Loving your enemies, is that a New or an Old Testament concept? The question we’re asking today is about a very familiar commandment, love your enemies. Everybody knows Jesus said that. Everybody knows Jesus said that in the Sermon on the Mount. But some folks were saying that that’s something that the world never heard before and that a new ethic, a new standard of morality. Jesus is raising the bar now that he’s come to the earth and he’s got a set of followers. He’s expecting more out of them than God expected out of anyone before them.
Of course I have already talked in previous little lessons about how confusing that must have been if it were true to his disciples because often times people who hold to that premise will say, “Well, this is the New Covenant law, but yet Jesus was ministering under the Old Covenant.” Of course he’s quoting from the Old Covenant law, the Law of Moses and he’s making counterpoints but he’s not correcting himself. He’s not correcting the Law of Moses. That would be strange that God would correct himself and so who is he correcting? He’s correcting the false beliefs, the false ideas, false interpretations, things taught by scribes and Pharisees. They’re twisting which has become so clear as we’ve been reading through this and we’ve already looked at three out of the six you have heard but I say to you statements by Jesus.
We skipped over the third one, looked at the fourth one last time. We’re going to skip over the fifth one and look at the sixth one. Now we will come back to the third and the fifth but I’m looking at the ones … First of all, they’re the most obvious that make it so plain to us that the ethic that Jesus was subscribing to and conveying to his disciples was in every case Old Covenant ethics of morality. You’ll see that today is no different and that helps then put the other two within context. They’re not quite as easy to see but actually they’re not that difficult to see either.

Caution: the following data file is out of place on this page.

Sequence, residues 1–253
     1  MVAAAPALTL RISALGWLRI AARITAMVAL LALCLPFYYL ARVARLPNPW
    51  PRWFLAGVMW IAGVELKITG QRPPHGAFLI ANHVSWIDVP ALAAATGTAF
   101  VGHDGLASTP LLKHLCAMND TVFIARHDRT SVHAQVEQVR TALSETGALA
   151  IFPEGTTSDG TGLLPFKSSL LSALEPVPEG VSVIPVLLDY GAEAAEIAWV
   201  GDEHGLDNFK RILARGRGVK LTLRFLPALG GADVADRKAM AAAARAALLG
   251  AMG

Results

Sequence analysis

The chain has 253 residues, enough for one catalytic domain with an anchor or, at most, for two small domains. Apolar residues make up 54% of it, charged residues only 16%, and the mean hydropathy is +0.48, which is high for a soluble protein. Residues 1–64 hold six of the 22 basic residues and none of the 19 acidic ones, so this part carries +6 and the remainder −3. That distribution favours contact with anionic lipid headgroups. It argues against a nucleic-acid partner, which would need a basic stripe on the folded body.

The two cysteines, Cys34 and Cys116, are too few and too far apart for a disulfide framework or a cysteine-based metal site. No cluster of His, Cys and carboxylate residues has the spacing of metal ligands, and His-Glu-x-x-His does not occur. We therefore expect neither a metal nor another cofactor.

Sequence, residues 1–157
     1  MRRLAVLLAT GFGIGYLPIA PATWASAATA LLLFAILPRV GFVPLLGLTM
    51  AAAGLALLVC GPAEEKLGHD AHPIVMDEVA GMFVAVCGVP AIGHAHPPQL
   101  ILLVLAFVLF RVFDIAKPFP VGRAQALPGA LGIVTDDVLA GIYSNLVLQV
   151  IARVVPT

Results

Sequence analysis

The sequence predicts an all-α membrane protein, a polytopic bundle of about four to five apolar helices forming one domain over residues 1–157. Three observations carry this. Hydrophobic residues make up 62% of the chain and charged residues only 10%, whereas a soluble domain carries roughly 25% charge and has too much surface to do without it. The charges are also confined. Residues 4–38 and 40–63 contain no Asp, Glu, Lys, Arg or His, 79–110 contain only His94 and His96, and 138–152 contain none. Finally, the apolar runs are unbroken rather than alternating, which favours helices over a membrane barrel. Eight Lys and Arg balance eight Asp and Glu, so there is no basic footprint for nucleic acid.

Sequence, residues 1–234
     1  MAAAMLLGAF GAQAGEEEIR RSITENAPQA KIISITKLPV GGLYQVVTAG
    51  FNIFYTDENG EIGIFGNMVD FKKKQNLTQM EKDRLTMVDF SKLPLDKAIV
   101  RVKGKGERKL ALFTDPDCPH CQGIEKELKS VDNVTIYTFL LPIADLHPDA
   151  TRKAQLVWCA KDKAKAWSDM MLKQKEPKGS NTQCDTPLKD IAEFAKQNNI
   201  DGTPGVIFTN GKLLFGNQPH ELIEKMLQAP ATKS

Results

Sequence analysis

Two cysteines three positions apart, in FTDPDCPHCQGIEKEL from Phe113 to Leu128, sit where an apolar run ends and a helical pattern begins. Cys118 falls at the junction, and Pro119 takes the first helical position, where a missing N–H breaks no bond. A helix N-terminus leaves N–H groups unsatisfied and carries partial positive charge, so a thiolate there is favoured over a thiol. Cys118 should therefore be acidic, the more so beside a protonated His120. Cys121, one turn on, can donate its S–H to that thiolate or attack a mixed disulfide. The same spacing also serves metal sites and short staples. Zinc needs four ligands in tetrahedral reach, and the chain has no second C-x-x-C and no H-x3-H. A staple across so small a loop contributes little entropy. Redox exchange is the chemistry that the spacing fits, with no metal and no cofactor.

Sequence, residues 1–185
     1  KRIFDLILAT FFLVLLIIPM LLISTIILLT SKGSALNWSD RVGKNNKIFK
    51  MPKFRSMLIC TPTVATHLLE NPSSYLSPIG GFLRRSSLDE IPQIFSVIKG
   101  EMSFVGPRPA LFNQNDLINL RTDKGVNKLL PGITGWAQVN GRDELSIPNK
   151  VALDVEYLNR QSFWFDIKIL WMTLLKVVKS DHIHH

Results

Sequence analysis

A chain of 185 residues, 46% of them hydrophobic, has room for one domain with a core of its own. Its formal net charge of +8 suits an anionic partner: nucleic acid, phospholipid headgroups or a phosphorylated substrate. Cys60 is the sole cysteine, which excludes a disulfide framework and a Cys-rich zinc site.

Today we come to Matthew chapter five in verse number 43. The Lord said there, “You have heard that it was said, ‘You shall love your neighbor.'” And in my Bible, those one, two, three, four, five words “You shall love your neighbor” are all capitalized indicating that’s a quote from the Old Testament, from the law. “You shall love your neighbor.”
But Jesus doesn’t stop there. He keeps saying something and he says, “And hate your enemy.” In my Bible, “And hate your enemy” is not in all caps. There’s a little revelation there. It’s not in all caps because it’s not a quote. When Jesus says, “You’ve heard it said,” then he says, “You shall love your neighbor, hate your enemy,” he’s smart enough to know that the second part of that is not in the Old Testament anywhere. Remember he’s God. He knows the Bible pretty well. He’s the inspirer of it, the giver of it. He knows what’s there. When he says, “You’ve heard it said,” he’s not saying, “God said.” Of course he didn’t say, “God said.” He said, “You’ve heard that it was said.” But the reality of it, it wasn’t said. You’ve heard it was said but it wasn’t said. Part of it was what was said but not all of it. I’m quoting to you the teaching of the scribes and Pharisees who are teaching you by their sermons and clearly by their actions that God wants you to hate your enemies.